John Njord

For an unprecedented second time in four years, a Utahn will lead one of the nation's top professional organizations in the field of transportation.

John Njord, executive director of the Utah Department of Transportation, will be inducted as president of the American Association of State Highway and Transportation Officials at the group's annual meeting in Minneapolis on Tuesday.

The 42-year-old Njord again follows in the footsteps of Tom Warne, whom he succeeded as UDOT chief. Warne was president of AASHTO, in 1999-2000.

AASHTO, founded in 1914, when most of the country's roads were made of dirt, is the professional organization of the nation's 50 state transportation departments.

Njord's selection assures a continued high profile for Utah in the politically volatile world of federal transportation funding. Njord will be leading the states' charge for increased — or at least level — spending for future transportation projects.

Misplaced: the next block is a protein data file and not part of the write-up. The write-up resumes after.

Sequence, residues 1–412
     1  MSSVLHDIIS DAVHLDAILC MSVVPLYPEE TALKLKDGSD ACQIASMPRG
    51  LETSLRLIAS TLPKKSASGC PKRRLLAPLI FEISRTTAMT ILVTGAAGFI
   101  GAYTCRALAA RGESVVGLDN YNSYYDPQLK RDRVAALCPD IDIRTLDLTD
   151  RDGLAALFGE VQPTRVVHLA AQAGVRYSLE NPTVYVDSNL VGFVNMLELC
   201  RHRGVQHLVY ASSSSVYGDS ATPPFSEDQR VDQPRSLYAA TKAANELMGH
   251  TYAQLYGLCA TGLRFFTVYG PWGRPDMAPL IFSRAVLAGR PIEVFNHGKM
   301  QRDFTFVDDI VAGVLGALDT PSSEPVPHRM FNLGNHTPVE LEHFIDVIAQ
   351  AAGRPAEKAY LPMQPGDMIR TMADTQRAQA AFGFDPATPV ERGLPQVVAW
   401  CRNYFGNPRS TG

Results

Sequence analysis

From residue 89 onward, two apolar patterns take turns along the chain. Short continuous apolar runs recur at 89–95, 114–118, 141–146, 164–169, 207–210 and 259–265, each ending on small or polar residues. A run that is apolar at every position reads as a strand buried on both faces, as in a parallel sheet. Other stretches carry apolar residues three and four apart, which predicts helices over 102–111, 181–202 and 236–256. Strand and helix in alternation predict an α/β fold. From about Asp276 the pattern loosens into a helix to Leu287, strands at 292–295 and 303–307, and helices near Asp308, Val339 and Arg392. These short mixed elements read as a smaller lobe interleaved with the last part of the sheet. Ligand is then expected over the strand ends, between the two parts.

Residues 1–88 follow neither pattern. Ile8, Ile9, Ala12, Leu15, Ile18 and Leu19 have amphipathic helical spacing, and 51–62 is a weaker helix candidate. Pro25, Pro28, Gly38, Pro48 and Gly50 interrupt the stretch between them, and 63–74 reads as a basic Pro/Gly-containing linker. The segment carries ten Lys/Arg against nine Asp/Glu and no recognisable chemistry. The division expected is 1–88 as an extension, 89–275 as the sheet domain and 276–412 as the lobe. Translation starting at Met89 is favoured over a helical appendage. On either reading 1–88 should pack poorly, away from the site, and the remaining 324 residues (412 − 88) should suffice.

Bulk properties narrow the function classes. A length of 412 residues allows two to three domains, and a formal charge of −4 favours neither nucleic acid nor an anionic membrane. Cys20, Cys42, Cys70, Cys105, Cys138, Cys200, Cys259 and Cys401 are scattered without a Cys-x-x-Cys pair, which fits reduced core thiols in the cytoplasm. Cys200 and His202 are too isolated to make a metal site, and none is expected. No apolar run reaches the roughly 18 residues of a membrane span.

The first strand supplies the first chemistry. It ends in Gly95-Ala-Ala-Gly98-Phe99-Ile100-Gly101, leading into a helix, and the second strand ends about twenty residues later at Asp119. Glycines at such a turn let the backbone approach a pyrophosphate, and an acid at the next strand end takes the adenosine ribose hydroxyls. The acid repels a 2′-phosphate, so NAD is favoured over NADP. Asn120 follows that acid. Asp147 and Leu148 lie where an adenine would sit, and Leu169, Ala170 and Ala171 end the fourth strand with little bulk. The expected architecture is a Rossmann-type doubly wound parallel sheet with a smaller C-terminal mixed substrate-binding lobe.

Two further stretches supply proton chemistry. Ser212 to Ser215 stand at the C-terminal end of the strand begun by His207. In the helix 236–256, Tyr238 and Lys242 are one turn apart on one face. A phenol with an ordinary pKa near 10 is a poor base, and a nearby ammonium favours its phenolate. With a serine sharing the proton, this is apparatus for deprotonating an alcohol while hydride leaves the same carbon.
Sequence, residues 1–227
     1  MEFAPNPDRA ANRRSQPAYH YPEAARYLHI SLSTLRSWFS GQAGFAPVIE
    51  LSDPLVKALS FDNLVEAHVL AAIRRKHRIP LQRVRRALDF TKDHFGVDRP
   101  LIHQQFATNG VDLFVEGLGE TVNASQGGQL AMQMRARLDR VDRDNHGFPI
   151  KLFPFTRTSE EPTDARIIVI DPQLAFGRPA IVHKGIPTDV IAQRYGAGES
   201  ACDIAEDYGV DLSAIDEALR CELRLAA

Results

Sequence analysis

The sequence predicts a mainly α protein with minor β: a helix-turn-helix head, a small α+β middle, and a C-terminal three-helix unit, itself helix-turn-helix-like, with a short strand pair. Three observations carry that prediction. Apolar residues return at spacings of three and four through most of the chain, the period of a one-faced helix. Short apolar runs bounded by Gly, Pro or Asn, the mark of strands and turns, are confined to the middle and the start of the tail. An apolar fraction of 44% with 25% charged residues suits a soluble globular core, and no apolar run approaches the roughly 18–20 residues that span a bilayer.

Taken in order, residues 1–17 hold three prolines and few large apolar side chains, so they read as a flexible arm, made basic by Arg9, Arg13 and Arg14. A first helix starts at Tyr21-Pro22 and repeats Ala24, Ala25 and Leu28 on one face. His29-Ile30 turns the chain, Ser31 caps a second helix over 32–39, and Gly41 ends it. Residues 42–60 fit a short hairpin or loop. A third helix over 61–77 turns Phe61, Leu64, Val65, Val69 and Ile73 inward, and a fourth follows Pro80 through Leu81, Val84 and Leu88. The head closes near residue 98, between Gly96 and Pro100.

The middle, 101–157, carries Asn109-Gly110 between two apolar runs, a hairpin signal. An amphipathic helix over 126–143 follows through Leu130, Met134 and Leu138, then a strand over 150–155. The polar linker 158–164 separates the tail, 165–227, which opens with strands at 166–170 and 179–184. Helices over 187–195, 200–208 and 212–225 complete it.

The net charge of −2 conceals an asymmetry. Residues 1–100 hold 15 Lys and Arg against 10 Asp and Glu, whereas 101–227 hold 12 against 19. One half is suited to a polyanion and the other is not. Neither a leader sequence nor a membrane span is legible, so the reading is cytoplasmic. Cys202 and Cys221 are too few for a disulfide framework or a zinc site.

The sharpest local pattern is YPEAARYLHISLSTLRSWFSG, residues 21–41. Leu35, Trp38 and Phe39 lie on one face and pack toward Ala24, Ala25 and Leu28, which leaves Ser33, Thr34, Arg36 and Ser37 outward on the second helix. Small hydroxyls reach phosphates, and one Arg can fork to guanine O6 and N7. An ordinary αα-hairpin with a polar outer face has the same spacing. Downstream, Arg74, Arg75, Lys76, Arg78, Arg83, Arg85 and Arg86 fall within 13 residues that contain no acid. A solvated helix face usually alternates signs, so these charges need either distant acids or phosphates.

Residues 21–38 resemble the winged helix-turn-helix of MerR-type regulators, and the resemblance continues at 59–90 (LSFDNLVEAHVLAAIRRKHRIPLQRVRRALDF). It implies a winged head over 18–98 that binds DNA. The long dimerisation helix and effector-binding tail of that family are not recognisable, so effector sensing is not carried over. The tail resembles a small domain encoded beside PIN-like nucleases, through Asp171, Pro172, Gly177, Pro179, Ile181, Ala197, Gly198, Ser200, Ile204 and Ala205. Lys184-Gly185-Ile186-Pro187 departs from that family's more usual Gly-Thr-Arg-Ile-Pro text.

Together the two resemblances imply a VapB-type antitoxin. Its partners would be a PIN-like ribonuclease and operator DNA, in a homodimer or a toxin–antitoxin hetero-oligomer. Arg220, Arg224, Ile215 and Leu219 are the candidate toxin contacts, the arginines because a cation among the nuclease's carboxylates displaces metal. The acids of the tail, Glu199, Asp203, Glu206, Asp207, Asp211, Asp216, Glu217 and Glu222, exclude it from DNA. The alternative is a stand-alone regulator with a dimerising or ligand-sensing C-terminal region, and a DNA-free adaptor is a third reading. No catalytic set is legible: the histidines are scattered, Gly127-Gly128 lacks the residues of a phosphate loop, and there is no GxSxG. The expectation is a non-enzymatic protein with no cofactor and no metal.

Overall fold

This fall, Congress will consider re-authorization of the federal transportation funding act, which expires at the end of this month. Without a new one, or with a funding bill that fails to keep up with the states' perceived needs, Njord and 49 other DOT executives will be scrambling to pay for road, airport, transit and other vital transportation projects.

"We're talking about a funding bill that represents over $200 million per year in highway funding, plus transit funding on top of that, that will be re-authorized during my tenure as AASHTO president," Njord said. "So our ability to influence what that looks like is really important, not just for our state but for the whole system."

Njord, who has previously testified before Congress as chairman of AASHTO's environmental committee, likely will be back in front of Congress more than once in coming months. And AASHTO executives say they have full confidence in him.

"He has always been a very active person in AASHTO, very easy to work with," AASHTO spokeswoman Jennifer Gavin said of Njord. "He's a real gentleman, very personally liked by people in this organization, as was Tom Warne."